The Humboldt County Data Dashboard includes hospitalization rates by age group, death rates by age group and case totals by ZIP code, the latter of which are reported in "a range of 0 to 5 for case count until the area surpasses 5 total cases," according to the county. After that threshold has been reached in a ZIP code, the exact number will be included.

Basics of COVID-19

The California Department of Public Health and the Centers for Disease Control, state that symptoms of novel coronavirus include cough and shortness of breath or difficulty breathing, or at least two of the following: fever, chills, repeated shaking with chills, muscle pain, headache, sore throat or a new loss of taste or smell.

Emergency warning signs needing immediate medical attention include difficulty breathing or shortness of breath, persistent pain or pressure in the chest, new confusion or inability to awaken, and bluish lips or face.

In an emergency situation:

Call ahead to the emergency room or inform the 911 operator of the possibility of a COVID-19 infection and, if possible, put on a face mask.

Symptoms or possible exposure:

In the case of a possible exposure with symptoms — fever and cough or shortness of breath — contact your doctor’s office or the county Department of Health and Human Services, which has a hotline that can be reached during business hours at [email protected] or at (707) 441-5000. Residents seeking medical advice or questions about testing are asked to contact Public Health at [email protected] or at (707) 445-6200.

St. Joseph Health has also set up a virtual assessment tool as an aid to assessing risk factors for contracting the illness, which can be found here.

The Federal Emergency Management Agency has started a rumor-control webpage that can be found here. For the Journal's latest COVID stories, updates and information resources, click here.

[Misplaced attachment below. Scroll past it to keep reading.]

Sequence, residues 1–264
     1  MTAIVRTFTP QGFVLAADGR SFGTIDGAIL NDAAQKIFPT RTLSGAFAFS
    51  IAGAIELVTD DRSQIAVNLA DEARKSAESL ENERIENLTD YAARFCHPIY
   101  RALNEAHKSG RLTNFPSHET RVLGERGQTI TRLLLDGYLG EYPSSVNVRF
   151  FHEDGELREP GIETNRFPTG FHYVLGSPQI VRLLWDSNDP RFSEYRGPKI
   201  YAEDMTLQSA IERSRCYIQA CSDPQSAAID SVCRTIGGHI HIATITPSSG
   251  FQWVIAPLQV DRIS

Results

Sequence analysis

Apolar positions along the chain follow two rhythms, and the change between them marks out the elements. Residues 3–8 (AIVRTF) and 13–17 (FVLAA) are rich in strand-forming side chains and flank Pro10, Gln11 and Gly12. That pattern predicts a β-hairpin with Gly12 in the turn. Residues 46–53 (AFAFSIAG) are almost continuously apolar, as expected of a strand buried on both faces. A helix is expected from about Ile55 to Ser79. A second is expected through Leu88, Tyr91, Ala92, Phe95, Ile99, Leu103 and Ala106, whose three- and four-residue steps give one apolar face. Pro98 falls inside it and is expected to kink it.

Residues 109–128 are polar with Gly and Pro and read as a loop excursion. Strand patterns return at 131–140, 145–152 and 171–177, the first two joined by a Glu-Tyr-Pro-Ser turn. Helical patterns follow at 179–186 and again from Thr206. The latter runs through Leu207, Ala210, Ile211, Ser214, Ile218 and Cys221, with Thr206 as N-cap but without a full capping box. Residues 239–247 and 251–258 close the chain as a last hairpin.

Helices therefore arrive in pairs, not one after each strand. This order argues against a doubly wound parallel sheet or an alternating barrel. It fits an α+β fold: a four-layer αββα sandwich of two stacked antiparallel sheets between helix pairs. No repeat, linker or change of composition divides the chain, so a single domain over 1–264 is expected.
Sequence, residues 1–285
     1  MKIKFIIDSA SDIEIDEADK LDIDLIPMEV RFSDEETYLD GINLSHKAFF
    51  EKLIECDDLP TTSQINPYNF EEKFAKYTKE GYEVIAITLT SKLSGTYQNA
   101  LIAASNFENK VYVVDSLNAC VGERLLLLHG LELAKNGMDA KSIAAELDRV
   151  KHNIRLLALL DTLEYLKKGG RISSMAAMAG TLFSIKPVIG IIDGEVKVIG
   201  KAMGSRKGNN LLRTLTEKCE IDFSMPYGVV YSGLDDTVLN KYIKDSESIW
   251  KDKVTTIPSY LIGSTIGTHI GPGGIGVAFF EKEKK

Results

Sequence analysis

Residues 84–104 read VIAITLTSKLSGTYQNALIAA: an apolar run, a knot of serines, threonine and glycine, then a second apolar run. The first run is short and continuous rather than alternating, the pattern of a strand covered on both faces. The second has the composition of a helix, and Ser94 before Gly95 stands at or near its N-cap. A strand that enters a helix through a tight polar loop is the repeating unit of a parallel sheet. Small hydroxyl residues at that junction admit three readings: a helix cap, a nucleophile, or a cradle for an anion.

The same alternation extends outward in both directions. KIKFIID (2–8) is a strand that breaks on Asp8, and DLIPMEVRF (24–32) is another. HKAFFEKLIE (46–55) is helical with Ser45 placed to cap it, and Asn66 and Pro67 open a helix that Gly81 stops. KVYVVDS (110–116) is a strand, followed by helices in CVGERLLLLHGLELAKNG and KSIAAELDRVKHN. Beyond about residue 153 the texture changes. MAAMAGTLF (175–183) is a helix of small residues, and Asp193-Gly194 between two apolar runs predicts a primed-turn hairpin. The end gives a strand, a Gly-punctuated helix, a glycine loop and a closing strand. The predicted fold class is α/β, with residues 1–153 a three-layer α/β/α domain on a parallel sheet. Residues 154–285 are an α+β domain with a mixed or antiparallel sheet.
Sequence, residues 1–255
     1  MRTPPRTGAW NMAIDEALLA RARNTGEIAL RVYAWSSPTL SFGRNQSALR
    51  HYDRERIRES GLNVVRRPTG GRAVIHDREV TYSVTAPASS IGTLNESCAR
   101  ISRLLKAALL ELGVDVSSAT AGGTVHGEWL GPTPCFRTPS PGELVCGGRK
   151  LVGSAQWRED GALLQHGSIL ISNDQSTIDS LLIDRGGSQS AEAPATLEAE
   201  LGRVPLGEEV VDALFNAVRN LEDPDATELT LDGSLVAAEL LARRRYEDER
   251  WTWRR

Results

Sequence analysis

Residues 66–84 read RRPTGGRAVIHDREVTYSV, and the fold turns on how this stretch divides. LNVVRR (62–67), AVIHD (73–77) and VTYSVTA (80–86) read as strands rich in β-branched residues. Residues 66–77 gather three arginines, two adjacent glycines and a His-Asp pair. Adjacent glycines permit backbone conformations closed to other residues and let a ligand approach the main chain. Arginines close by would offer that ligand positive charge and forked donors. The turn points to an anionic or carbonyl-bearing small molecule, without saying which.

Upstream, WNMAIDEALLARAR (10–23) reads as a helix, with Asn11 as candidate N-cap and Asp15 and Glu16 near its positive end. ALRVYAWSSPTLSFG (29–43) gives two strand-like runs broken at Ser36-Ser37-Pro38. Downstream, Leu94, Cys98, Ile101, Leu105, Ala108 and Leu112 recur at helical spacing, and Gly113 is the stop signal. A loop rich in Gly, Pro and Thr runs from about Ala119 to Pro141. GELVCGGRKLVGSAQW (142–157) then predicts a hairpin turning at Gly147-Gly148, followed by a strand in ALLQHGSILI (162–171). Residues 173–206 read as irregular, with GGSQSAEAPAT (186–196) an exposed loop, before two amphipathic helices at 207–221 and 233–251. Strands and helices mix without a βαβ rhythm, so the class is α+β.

Read the county's release below:
Feb. 9, 2021 - Only 5 New Cases Reported Today
707-441-5000 ; [email protected] ; Monday-Friday 8am to 5pm Opens in new window
Only five additional cases of COVID-19 were reported today, bringing to 2,960 the total number of Humboldt County residents who have tested positive for the virus. This is the lowest single-day report since Nov. 18.

Health Officials Stress Importance of Keeping Vaccination Appointments

Humboldt County Public Health continues to use every dose of the COVID-19 vaccine it is allocated on a weekly basis and will begin mass vaccinations of second doses for health care workers, emergency services workers and in-person educators, among others, this week. The Centers for Disease Control and Prevention states that second doses should be given no later than 42 days after the first. Because of this narrow window, Public Health Director Michele Stephens said it is vital that people show up for their vaccination appointments.

“Missed appointments slow vaccination progress,” Stephens said. She added that both vaccines currently in circulation have stringent storage and handling requirements, so once they’ve been distributed for a clinic, they cannot be re-stored for future use. “No doses go to waste, so if you miss your appointment, your vaccine is given to someone else. But that means you’ll have to schedule a new appointment, which may not be available in the timeframe you need.”

“We want to get the people who were prioritized early on fully vaccinated so we can expand to other groups, like people over 65 and workers in the food and agriculture sector,” Stephens said. “To do that, we need every member of our community to schedule an appointment when offered and do everything they can to keep that appointment.”

Humboldt County Remains in ‘Purple’ Tier

Today, the California Department of Public Health updated county tier assignments under the “Blueprint for a Safer Economy.” Humboldt County remains in the “Purple” or widespread tier with an adjusted case rate of 16.9 and a positivity rate of 5.2%. For a full list of requirements under the purple tier, go to covid19.ca.gov/safer-economy/.

For the most recent COVID-19 information, visit cdc.gov or cdph.ca.gov. Local information is available at humboldtgov.org or during business hours by contacting [email protected] or calling 707-441-5000.

Local COVID-19 vaccine information: humboldtgov.org/vaccineinfo
Humboldt County COVID-19 Data Dashboard: humboldtgov.org/dashboard
Follow us on Facebook: @HumCoCOVID19
Instagram: @HumCoCOVID19
Twitter: @HumCoCOVID19
Humboldt Health Alert: humboldtgov.org/HumboldtHealthAlert

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Thadeus Greenson

Thadeus Greenson is the news editor of the North Coast Journal.